True scale of Lancashire's overweight children scandal

NHS Digital data shows that 20 per cent of Year 6 pupils in Lancashire in 2018-19 were obese
NHS Digital data shows that 20 per cent of Year 6 pupils in Lancashire in 2018-19 were obese

One in five children finishing primary school in Lancashire are obese.

Campaign group the Obesity Health Alliance says children are surrounded by unhealthy food and drinks, and is calling for bold government action to prevent further harm.

NHS Digital data shows that 20 per cent of Year 6 pupils in Lancashire in 2018-19 were obese.

This was up on the 13 per cent considered obese in 2006-07, the earliest year with available data.

Additionally, 15 per cent of Year 6 children were overweight last year, just higher than 13 per cent in 2006-07.

That means 34 per cent of the area’s pupils in the last year of primary school were unhealthily overweight.

And four per cent were severely obese, with a BMI in the top one-in-250 for children.

Across England, four per cent of 10 and 11-year-olds were classed as severely obese in 2018-19, a record high for the fourth consecutive year.

The obesity rate, which includes severe obesity, also hit a record high of 20 per cent, while the figure rises to 34 per cent when overweight children are included.

Caroline Cerny, of the Obesity Health Alliance, a coalition of organisations working to reduce obesity, said children are growing up in an environment that is “flooded” with unhealthy food and drinks, which are damaging their health.

She added: “It’s time for the Government to bring in the measures that we know will stem the tide of unhealthy food marketing and promotions, starting with the long overdue 9pm watershed on junk food adverts on TV and online.”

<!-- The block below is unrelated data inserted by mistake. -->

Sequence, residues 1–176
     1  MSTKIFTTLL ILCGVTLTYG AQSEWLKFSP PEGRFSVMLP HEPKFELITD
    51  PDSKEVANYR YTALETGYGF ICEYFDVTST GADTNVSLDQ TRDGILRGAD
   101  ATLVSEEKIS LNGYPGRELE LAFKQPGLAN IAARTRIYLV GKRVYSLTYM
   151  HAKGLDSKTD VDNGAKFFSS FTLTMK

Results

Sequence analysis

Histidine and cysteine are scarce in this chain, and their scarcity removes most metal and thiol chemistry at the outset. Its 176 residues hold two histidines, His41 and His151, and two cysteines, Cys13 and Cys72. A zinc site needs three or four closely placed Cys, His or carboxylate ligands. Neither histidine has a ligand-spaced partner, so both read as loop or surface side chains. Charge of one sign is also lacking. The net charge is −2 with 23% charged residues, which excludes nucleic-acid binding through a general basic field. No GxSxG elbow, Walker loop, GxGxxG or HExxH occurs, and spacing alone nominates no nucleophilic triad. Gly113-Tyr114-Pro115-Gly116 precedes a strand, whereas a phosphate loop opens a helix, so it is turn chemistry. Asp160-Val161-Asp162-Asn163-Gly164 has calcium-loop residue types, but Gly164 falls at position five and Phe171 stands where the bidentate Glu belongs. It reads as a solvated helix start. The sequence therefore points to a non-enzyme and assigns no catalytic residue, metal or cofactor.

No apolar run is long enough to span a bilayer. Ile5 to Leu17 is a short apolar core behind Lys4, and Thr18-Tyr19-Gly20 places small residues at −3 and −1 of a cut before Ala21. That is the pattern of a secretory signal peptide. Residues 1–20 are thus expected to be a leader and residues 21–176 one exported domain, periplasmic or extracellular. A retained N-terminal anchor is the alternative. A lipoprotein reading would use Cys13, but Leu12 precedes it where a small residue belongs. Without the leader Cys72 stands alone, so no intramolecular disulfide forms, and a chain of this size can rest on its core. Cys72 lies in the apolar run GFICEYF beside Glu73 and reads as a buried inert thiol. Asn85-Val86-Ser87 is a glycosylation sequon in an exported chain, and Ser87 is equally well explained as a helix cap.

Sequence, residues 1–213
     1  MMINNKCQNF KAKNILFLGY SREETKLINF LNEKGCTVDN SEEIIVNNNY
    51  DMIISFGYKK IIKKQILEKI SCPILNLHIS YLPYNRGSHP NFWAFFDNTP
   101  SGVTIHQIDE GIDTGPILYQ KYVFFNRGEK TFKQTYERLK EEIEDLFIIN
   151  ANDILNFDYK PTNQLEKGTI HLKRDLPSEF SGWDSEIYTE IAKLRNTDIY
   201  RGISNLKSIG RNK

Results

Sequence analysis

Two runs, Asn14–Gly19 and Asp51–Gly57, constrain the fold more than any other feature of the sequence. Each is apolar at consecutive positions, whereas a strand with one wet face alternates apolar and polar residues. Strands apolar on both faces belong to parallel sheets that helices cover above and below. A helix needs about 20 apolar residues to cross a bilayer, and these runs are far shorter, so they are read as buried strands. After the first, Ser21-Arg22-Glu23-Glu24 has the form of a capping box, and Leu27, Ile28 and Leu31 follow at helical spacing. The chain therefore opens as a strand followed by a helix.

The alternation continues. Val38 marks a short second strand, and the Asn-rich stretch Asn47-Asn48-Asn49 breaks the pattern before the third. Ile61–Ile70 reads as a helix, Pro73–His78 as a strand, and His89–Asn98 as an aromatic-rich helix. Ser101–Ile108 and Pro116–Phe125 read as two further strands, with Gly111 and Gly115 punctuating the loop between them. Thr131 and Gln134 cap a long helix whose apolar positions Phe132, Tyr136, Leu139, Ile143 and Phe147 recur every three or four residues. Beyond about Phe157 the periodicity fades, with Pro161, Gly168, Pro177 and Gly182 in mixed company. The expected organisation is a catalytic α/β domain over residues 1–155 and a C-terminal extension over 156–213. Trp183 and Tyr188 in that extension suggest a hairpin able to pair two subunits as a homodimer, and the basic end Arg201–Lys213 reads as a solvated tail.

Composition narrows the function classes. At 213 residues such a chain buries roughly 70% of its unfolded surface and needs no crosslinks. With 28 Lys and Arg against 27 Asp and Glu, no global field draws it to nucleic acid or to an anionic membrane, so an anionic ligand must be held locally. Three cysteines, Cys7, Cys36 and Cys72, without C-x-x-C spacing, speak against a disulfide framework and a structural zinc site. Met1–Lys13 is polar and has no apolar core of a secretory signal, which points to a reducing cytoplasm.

Public Health England works out obesity using the 1990 British growth reference chart, a large collection of statistics used to determine a child’s BMI. It defines a child as obese if their BMI is in the chart’s top five per cent and overweight if they are in the top 15 per cent.

Obesity can lead to heart problems and type 2 diabetes later in life, as well as psychological issues such as low self-esteem and depression.

The data also suggests that children often develop weight problems while at primary school.

In 2018-19, just 10 per cent of Lancashire’s children were obese in Reception.

Across England, Year 6 children from the most deprived backgrounds were more than twice as likely to be obese than those from the wealthiest areas.

NHS chief executive Simon Stevens said obesity is a “dangerous public health threat” for children, and that the figures show the country is not on track to meet the Government’s goal of halving childhood obesity.

“While the NHS will be there for patients, services and budgets will obviously be placed under more strain,” he added.

“So we also need combined action from parents, businesses and government to safeguard our children from this preventable harm.”

Public health minister Jo Churchill said: “This problem has been decades in the making but we can turn this around.

“Our world-leading childhood obesity plan will help all families by making the healthiest choice the easiest choice, whether at home, at school, or at play.

“We are working with councils to tackle child obesity locally through new and ground-breaking programmes, cutting large amounts of sugar from food and soft drinks, and investing millions to give children opportunities to exercise in schools.”